Current status and future opportunities for controlling acromegaly.

2.50
Hdl Handle:
http://hdl.handle.net/10541/82056
Title:
Current status and future opportunities for controlling acromegaly.
Authors:
Melmed, Shlomo; Vance, Mary Lee; Barkan, Ariel L; Bengtsson, B A; Kleinberg, David L; Klibanski, Anne; Trainer, Peter J
Abstract:
Growth-hormone (GH) secreting adenomas, including acromegaly, account for approximately one-sixth of all pituitary adenomas and are associated with mortality rates at least twice that of the general population. The ultimate goal of therapy for acromegaly is normalization of morbidity and mortality rates achieved through removal or reduction of the tumor mass and normalization of insulin-like growth factor I (IGF-I) levels. Previously published efficacy results of current treatment modalities (surgery, conventional radiation, and medical therapy with dopamine agonists and somatostatin analogs) are often difficult to compare because of the different criteria used to define cure (some of which are now considered inadequate). For each of these modalities, pooled data from a series of acromegaly studies were reviewed for rates of IGF-I normalization, a currently accepted definition of cure. The results showed overall cure rates of approximately 10% for bromocriptine, 34% for cabergoline, 36% for conventional radiation, 50-90% for surgery for microadenomas and less than 50% for macroadenomas, and 54-66% for octreotide. These cure rates based on IGF-I normalization are generally less than those reported for cure based solely on GH levels. Novel new therapies for acromegaly include the somatostatin analog, lanreotide, Gamma Knife radiosurgery, and pegvisomant, the first in its class of new GH receptor antagonists. Although it does not appear that Gamma Knife radiosurgery results in significantly higher cure rates or fewer complications, it does provide a notable improvement in delivery compared with conventional radiation. Early studies have reported IGF-I normalization in 48% of lanreotide-treated patients and up to 97% of pegvisomant-treated.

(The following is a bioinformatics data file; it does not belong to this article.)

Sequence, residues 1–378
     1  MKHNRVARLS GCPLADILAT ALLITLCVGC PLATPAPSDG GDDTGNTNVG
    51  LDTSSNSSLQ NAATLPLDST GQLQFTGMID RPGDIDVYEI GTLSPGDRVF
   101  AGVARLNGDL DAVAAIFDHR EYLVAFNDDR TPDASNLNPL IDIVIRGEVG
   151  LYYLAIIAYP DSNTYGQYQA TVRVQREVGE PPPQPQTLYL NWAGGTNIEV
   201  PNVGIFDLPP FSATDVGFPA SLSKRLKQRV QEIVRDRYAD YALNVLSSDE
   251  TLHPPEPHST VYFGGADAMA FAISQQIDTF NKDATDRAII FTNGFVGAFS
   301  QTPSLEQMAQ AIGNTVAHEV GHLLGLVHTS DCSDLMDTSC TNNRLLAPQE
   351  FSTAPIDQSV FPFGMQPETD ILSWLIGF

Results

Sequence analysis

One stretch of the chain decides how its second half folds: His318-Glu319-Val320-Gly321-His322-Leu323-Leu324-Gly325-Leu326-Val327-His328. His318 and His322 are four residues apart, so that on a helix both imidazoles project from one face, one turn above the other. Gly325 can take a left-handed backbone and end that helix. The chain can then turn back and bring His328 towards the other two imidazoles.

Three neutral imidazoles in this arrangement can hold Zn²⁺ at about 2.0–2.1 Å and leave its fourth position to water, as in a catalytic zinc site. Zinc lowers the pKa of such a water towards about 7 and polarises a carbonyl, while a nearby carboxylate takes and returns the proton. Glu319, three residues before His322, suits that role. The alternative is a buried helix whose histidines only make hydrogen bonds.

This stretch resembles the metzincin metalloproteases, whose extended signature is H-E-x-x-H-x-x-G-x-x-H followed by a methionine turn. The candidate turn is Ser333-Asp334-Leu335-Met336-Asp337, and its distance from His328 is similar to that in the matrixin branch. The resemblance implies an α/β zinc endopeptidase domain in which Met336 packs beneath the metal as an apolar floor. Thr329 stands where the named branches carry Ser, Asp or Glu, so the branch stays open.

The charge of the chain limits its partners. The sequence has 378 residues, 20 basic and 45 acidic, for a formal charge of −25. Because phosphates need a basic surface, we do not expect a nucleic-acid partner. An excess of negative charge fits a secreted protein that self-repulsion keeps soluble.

Affiliation:
Division of Endocrinology and Metabolism, Ceder-Sinai Medical Center, Los Angeles, CA 90048, USA. shlomo.melmed@cshs.org
Citation:
Current status and future opportunities for controlling acromegaly. 2002, 5 (3):185-96 Pituitary
Journal:
Pituitary
Issue Date:
2002
URI:
http://hdl.handle.net/10541/82056
DOI:
10.1023/A:1023369317275
PubMed ID:
12812311
Language:
en
ISSN:
1386-341X
Appears in Collections:
All Christie Publications

Full metadata record

DC FieldValue Language
dc.contributor.authorMelmed, Shlomo-
dc.contributor.authorVance, Mary Lee-
dc.contributor.authorBarkan, Ariel L-
dc.contributor.authorBengtsson, B A-
dc.contributor.authorKleinberg, David L-
dc.contributor.authorKlibanski, Anne-
dc.contributor.authorTrainer, Peter J-
dc.date.accessioned2009-09-22T11:35:09Z-
dc.date.available2009-09-22T11:35:09Z-
dc.date.issued2002-
dc.identifier.citationCurrent status and future opportunities for controlling acromegaly. 2002, 5 (3):185-96 Pituitaryen
dc.identifier.issn1386-341X-
dc.identifier.pmid12812311-
dc.identifier.doi10.1023/A:1023369317275-
dc.identifier.urihttp://hdl.handle.net/10541/82056-
dc.description.abstractGrowth-hormone (GH) secreting adenomas, including acromegaly, account for approximately one-sixth of all pituitary adenomas and are associated with mortality rates at least twice that of the general population. The ultimate goal of therapy for acromegaly is normalization of morbidity and mortality rates achieved through removal or reduction of the tumor mass and normalization of insulin-like growth factor I (IGF-I) levels. Previously published efficacy results of current treatment modalities (surgery, conventional radiation, and medical therapy with dopamine agonists and somatostatin analogs) are often difficult to compare because of the different criteria used to define cure (some of which are now considered inadequate). For each of these modalities, pooled data from a series of acromegaly studies were reviewed for rates of IGF-I normalization, a currently accepted definition of cure. The results showed overall cure rates of approximately 10% for bromocriptine, 34% for cabergoline, 36% for conventional radiation, 50-90% for surgery for microadenomas and less than 50% for macroadenomas, and 54-66% for octreotide. These cure rates based on IGF-I normalization are generally less than those reported for cure based solely on GH levels. Novel new therapies for acromegaly include the somatostatin analog, lanreotide, Gamma Knife radiosurgery, and pegvisomant, the first in its class of new GH receptor antagonists. Although it does not appear that Gamma Knife radiosurgery results in significantly higher cure rates or fewer complications, it does provide a notable improvement in delivery compared with conventional radiation. Early studies have reported IGF-I normalization in 48% of lanreotide-treated patients and up to 97% of pegvisomant-treated.en
dc.language.isoenen
dc.subjectPituitary Canceren
dc.subject.meshAcromegaly-
dc.subject.meshAdenoma-
dc.subject.meshHumans-
dc.subject.meshPituitary Neoplasms-
dc.titleCurrent status and future opportunities for controlling acromegaly.en
dc.contributor.departmentDivision of Endocrinology and Metabolism, Ceder-Sinai Medical Center, Los Angeles, CA 90048, USA. shlomo.melmed@cshs.orgen
dc.identifier.journalPituitaryen

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